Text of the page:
Survived Week 1

Yesterday marked one week since my surgery. I’m doing better than I thought I would be so I guess that’s something. I went in on Thursday morning at an hour that must have been chosen for it’s “not awake enough to panic” qualities. Westerly Hospital was great. They took me up to my room 313 and I had a fun chat with the nurses about superstitions. I was calmed by the thought that I was in room 13 on the 3rd floor. These are 2 numbers which always signal a good energy for me.

I was also happy to know that this would be my recovery room as well. It just made unpacking my stuff so much easier that way. I changed into the hospital provided gown and laid in bed waiting. My husband sat next to me in a chair. His presence was reassuring. The nurse came back in to play find the vein. She ended up with the needle in my right wrist which made signing the paperwork entertaining. Thankfully, I’m ambidextrous so I was able to just sign with my left hand. It wasn’t her fault, it’s hard to find a vein on me. The nurse then began impressing my techie husband as the bed weighed me and took some other measurements. There was a steady stream of nurses, assistants and anesthesiologist that came through with their own questions. Before long it was time to go to the surgery room.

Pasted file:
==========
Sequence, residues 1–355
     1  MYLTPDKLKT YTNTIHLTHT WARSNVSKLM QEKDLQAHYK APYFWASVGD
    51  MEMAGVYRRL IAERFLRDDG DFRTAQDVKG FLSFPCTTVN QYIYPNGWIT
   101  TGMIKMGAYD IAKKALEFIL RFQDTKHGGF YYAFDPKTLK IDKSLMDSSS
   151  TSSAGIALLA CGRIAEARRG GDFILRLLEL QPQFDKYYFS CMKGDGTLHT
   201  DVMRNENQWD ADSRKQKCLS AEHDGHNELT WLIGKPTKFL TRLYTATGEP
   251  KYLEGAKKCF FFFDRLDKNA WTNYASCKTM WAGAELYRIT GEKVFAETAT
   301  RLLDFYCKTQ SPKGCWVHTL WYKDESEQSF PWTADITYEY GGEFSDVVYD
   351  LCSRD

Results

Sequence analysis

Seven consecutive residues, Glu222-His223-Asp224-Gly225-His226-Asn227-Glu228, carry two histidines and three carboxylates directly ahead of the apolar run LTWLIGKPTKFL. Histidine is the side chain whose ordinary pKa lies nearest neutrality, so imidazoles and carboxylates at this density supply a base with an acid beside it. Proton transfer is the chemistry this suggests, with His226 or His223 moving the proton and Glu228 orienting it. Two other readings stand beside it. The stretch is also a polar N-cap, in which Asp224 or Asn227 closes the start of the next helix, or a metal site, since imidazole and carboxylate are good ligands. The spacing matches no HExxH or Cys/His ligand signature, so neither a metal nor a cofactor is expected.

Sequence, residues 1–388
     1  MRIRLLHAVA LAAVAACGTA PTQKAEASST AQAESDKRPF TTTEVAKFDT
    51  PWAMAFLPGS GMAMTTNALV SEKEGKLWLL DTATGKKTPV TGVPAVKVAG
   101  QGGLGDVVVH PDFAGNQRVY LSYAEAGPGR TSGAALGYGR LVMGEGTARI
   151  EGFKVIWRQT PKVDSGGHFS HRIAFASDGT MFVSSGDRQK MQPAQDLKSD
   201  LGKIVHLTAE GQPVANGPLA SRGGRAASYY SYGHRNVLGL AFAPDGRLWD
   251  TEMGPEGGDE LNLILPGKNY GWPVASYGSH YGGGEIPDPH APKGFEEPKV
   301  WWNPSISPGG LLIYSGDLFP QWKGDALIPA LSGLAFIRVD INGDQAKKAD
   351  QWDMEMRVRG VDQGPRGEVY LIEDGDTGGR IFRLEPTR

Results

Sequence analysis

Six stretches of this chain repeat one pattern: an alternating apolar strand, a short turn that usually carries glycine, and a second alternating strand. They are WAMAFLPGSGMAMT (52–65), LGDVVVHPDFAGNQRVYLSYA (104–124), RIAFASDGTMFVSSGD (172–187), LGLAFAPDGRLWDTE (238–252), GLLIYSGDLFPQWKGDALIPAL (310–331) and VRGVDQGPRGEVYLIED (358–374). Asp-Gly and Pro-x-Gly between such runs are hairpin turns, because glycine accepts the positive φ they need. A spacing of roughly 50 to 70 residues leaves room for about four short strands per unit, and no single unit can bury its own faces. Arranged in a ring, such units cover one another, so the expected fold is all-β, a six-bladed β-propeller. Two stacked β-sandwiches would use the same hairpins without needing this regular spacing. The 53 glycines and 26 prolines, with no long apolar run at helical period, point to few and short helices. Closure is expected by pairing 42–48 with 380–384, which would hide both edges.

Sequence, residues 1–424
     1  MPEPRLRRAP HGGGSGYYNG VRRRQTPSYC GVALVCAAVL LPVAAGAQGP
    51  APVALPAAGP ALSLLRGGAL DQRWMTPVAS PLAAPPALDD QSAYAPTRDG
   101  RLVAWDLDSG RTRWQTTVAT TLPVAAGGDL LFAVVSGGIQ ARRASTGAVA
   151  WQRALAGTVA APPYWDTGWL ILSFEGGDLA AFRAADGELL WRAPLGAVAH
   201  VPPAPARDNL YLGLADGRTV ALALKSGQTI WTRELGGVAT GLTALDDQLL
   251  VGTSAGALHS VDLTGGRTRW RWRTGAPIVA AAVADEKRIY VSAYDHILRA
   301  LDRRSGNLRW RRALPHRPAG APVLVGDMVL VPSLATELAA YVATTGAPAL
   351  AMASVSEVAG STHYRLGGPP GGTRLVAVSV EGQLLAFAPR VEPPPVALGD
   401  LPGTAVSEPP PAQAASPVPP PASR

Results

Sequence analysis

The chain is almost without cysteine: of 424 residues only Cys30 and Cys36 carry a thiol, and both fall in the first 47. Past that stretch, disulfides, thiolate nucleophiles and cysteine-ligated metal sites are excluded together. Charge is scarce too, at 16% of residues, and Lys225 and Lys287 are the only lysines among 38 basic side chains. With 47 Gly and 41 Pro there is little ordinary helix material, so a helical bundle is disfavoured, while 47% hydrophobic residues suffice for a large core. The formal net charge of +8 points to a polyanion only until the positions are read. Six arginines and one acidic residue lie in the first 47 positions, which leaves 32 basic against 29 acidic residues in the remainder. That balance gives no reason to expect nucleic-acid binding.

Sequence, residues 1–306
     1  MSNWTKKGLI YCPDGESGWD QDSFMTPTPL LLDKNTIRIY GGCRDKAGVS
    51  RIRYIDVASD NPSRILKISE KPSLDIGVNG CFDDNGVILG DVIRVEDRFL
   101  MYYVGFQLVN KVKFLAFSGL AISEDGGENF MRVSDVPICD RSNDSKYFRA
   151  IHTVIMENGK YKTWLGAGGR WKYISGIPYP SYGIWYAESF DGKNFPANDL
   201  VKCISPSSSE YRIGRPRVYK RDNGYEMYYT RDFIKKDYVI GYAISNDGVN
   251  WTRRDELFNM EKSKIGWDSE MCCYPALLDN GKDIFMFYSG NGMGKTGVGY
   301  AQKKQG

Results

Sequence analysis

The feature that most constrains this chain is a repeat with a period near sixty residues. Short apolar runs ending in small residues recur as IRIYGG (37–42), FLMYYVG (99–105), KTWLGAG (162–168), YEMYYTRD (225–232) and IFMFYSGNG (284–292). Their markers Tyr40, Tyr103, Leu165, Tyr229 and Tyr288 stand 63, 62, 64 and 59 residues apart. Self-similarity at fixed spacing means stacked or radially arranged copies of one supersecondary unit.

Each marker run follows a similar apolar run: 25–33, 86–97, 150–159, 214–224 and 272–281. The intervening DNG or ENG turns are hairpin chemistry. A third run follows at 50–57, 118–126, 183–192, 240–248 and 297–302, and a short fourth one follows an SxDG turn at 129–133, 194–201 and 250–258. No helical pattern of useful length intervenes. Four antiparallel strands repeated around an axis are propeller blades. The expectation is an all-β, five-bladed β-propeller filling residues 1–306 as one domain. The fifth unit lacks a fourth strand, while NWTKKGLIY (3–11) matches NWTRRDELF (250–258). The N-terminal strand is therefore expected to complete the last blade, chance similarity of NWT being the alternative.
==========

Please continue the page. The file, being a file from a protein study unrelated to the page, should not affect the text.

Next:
The nurses transported me in my bed. No switching to a wheelchair or stretcher. The also left my husband ride down in the elevator with me. That was nice because I think the panic was starting to set in. When we got to our floor he was instructed to go out the doors on the opposite side of the elevator from the ones we went out. I squeezed his hand one more time and took a deep breath.

We stopped just in the corridor next to a set of doors. The nurse offered to get me a warm blanket which I was grateful for. I think it was my nerves or maybe the IV fluid but I was getting cold. After that she didn’t leave my side. There was something comforting about that small gesture. The anesthesiologist came by again to check on me, and later Dr. Greenlee came by. I don’t remember leaving the corridor but I must have.

I woke up back in my room. My husband, reading his book, by my side. It was good to see him there. I dozed on and off. At one point I was awake enough to ask for my glasses. That was when I realized that I had an oxygen tube in my nose. It suddenly became a huge irritation and I asked to have it removed. They said it was fine to remove it as I was breathing on my own pretty well. It wasn’t long before I dozed off again.